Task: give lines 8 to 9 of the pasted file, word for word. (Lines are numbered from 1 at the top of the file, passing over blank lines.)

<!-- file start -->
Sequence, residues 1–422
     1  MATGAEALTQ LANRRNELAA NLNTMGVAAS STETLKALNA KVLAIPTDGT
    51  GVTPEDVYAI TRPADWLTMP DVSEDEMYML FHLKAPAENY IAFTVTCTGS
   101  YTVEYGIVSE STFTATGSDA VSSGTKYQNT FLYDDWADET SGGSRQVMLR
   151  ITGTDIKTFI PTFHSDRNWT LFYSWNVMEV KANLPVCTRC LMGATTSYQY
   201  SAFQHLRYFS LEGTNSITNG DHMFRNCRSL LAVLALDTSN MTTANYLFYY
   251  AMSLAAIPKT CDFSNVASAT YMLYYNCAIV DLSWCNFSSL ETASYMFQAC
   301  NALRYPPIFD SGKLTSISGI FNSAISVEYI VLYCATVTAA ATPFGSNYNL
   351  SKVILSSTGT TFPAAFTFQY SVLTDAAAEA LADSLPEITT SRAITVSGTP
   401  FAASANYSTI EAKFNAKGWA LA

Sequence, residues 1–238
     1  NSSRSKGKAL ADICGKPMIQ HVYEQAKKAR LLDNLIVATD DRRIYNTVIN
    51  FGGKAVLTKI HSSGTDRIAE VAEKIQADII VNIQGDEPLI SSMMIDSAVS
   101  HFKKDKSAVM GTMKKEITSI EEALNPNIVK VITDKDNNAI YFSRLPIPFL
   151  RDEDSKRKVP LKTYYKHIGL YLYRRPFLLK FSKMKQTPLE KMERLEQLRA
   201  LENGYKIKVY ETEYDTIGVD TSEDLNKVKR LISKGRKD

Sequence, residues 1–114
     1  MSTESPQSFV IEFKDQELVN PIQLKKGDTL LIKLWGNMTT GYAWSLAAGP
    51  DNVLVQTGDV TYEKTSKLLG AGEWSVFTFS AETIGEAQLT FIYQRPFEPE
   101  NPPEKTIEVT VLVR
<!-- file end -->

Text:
   301  NALRYPPIFD SGKLTSISGI FNSAISVEYI VLYCATVTAA ATPFGSNYNL
   351  SKVILSSTGT TFPAAFTFQY SVLTDAAAEA LADSLPEITT SRAITVSGTP